By Balogun Alabi
The United State food and Drug Administration (FDA), has approved the first digital pill called ‘Abilify Mycite’, aimed to monitor and track patients taking their medication properly.
It was learnt that, the digital pill offers doctors an objective way to measure if patients are swallowing their pills on schedule, opening up a new avenue for monitoring medicine compliance that could be applied in other therapeutic areas.
The pill is a version of abilify drug for schizophrenia, bipolar disorder and depression, containing a tracking device developed by Proteus Digital Health.
In this regard, a representatives of the FDA’s Center for Drug Evaluation and Research, Mitchell Mathis, said that being able to track ingestion of medicines prescribed for mental illness may be useful for some patients, although the ability of the digital pill to improve patient compliance had not been proved.
“FDA is committed to working with companies in understanding how technology might benefit patients and prescribers. The system works by sending a message from the pill’s sensor to a wearable patch, which then transmits the information to a mobile application so that patients can track the ingestion of the medication on their smartphone.”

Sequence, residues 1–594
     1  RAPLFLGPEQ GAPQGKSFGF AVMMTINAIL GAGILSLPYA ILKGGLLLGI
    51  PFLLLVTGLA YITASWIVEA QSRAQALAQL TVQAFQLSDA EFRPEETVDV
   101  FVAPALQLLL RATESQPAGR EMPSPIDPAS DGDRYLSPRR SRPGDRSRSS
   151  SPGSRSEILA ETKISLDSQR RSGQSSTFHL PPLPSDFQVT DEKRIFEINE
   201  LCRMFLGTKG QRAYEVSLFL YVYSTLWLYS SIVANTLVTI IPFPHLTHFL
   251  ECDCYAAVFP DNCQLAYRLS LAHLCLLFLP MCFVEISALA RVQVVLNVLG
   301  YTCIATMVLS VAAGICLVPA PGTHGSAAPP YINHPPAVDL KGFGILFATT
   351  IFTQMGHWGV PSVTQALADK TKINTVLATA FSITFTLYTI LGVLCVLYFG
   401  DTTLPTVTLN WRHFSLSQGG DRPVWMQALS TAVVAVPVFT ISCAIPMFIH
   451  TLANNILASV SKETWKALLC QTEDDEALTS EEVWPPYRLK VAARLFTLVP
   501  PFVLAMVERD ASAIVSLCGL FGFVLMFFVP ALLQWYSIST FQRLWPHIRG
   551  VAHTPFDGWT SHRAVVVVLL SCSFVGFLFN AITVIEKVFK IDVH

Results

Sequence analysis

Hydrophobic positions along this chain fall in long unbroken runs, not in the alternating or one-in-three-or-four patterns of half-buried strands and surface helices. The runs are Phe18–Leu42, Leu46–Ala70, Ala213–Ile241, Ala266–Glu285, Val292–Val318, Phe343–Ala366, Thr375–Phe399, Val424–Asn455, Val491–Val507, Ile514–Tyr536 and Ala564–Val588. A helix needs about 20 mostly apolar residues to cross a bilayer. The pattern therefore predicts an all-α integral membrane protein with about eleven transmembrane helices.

FDA noted that the sensor has no battery or antenna and is activated immediately it gets wet by stomach juices which often lead to a completes circuit between coatings of copper and magnesium on either side, generating a tiny electric charge.
“In the longer term, such digital pills could also be used to manage patients with other complicated medicine routines, such as those suffering from diabetes or heart conditions. Poor compliance with drug regimens is a common problem in many disease areas, especially when patients suffer from chronic conditions.”
She stressed further that, Proteus digital health (a digital medicine service) has been working on the pill tracking system for many years and the sensor used in Abilify MyCite was first cleared for use by the FDA in 2012.
“The unlisted Californian company has attracted investments from several large healthcare companies, including Novartis AG, Medtronic Inc and St. Jude Medical Inc, as well as Otsuka.
“Abilify MyCite is not approved to treat patients with dementia-related psychosis and contains a boxed warning alerting health care professionals that elderly patients with dementia-related psychosis treated with antipsychotic drugs are at an increased risk of death.”